17. The introduction of IFRS (International Financial Reporting Standards) in 2009-10 has resulted in nearly all PFI debt being included in the financial accounts of government departments for financial reporting purposes. However so long as certain risks are deemed to be passed to the private sector on a PFI project then the project is, by contrast, recorded off balance sheet for National Accounts and statistical purposes. As a result, most PFI debt is invisible to the calculation of Public Sector Net Debt (PSND) and is therefore not included in the headline debt and deficit statistics. If all current PFI liabilities were included in the National Accounts then the OBR estimates that national debt would increase by £35 billion (2.5% of GDP). Therefore there has been, and continues to be, at least a small incentive to use PFI in preference to other procurement options, as it results in lower headline government borrowing and debt figures in comparison to other forms of capital investment.

18. Efforts to meet fiscal rules at a national and European level may have contributed to the misuse of PFI. Rules designed to promote fiscal sustainability have had the paradoxical effect of incentivising the use of off-balance sheet finance—which is likely to prove less sustainable. Given the salience of the public debt statistics in the current political climate, the attractiveness of the PFI method for any government has been evident whether it provides value for money or not.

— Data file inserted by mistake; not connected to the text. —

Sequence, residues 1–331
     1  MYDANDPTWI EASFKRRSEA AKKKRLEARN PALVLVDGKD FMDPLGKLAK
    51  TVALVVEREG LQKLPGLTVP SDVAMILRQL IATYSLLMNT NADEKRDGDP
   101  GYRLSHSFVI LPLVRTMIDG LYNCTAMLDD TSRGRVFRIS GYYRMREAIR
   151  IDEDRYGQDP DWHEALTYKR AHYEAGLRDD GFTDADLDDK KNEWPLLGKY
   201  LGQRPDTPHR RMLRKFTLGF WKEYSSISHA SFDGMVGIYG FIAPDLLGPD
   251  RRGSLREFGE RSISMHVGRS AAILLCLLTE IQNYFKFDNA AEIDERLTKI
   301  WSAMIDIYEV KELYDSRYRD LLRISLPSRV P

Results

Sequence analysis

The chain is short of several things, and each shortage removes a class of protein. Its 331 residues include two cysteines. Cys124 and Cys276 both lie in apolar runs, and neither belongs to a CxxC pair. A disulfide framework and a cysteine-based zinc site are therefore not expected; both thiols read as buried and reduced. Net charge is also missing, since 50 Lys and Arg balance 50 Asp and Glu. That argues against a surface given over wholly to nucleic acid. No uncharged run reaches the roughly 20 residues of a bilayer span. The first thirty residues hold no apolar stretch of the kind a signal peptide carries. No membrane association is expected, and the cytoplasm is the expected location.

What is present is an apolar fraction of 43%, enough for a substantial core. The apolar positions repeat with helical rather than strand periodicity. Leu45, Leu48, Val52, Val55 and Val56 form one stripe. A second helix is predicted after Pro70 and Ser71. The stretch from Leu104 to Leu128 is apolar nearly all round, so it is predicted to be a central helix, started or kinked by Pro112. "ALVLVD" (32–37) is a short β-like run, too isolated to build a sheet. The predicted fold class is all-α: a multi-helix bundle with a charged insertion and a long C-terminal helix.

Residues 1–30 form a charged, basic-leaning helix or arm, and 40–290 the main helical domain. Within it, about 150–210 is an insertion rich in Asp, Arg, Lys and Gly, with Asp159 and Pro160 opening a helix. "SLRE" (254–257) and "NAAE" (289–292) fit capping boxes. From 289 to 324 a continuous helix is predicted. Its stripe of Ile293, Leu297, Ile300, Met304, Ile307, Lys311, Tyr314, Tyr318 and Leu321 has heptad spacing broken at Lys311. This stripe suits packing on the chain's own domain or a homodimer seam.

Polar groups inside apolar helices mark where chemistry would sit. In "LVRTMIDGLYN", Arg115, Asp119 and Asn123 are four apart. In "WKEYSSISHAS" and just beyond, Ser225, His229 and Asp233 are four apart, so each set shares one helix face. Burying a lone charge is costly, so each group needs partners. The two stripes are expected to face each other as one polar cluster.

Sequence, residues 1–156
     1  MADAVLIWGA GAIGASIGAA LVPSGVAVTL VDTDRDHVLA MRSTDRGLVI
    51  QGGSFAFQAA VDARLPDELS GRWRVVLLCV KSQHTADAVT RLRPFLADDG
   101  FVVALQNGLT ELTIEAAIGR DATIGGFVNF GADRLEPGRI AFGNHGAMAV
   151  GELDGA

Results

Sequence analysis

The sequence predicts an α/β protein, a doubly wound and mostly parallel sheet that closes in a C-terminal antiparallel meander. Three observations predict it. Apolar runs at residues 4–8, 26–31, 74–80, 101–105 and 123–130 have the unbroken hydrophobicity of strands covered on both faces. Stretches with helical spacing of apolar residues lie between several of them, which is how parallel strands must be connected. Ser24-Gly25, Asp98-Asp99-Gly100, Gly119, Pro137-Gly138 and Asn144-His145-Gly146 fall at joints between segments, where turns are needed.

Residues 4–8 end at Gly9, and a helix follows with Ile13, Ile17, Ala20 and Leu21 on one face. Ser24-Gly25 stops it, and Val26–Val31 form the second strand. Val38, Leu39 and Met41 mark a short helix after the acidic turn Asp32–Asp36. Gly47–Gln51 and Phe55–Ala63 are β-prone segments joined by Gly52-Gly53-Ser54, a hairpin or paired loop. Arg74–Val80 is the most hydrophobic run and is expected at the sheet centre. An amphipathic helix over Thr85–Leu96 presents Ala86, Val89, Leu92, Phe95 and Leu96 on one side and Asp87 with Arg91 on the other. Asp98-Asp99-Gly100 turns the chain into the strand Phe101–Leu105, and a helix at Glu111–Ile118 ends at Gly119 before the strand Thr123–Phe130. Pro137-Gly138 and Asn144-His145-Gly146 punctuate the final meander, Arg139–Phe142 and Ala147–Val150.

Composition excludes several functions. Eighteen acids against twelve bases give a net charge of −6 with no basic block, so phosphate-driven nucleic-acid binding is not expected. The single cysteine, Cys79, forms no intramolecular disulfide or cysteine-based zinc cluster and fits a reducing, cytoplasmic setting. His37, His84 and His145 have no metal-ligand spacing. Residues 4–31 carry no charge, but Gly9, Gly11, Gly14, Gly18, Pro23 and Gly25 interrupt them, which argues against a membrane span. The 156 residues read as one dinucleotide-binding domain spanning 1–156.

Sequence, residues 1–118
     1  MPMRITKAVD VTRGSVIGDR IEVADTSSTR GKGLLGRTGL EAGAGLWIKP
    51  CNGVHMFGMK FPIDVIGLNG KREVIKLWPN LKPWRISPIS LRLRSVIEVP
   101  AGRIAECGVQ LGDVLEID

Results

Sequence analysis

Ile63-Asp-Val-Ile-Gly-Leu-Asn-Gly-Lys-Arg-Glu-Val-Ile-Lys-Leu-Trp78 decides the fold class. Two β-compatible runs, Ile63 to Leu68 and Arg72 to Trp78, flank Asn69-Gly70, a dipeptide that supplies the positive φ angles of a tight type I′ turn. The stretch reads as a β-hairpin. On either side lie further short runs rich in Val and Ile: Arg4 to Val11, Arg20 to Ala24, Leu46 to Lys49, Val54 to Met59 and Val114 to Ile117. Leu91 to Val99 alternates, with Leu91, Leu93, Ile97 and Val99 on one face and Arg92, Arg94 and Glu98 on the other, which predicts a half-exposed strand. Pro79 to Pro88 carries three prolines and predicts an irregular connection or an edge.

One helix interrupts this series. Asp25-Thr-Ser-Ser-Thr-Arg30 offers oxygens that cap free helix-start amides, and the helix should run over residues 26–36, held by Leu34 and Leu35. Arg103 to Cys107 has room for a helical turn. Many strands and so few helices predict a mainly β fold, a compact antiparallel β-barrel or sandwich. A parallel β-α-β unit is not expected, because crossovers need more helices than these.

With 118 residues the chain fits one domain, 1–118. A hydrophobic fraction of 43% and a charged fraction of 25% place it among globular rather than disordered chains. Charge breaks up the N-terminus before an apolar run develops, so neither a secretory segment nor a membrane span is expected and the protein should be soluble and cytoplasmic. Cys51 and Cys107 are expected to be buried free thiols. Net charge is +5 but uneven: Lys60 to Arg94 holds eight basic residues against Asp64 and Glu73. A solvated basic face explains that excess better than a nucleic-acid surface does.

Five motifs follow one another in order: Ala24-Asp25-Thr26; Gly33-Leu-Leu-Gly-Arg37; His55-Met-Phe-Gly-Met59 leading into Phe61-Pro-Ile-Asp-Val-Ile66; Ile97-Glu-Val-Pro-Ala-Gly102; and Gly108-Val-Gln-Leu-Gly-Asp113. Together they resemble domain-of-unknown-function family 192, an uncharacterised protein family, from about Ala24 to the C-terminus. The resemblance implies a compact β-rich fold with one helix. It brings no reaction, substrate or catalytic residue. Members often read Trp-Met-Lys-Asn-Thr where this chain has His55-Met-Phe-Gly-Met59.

Treatment of PFI capital expenditure in a Departmental budget

19. Just as the capital values of most PFIs are invisible to the national debt statistics, the capital expenditure that PFI delivers will similarly not impact on Departmental capital budgets. Depreciation charges to Departmental current budgets will also be avoided in such cases. The benefit of using PFI for capital investment which does not score in capital budgets is clear to organisations who use PFI. Kent Police noted that "capital sums do not have to be identified along with financing arrangements"[30] as the first point in their list of PFI strengths in a written submission to the Committee. A PFI deal will have a smaller (but much longer lasting) impact on the current budget of an organisation whereas a conventionally procured capital project will result in a significant one-off hit to the capital budget. In the short term the use of less of an organisation's budget will provide an incentive to use PFI rather than other forms of procurement.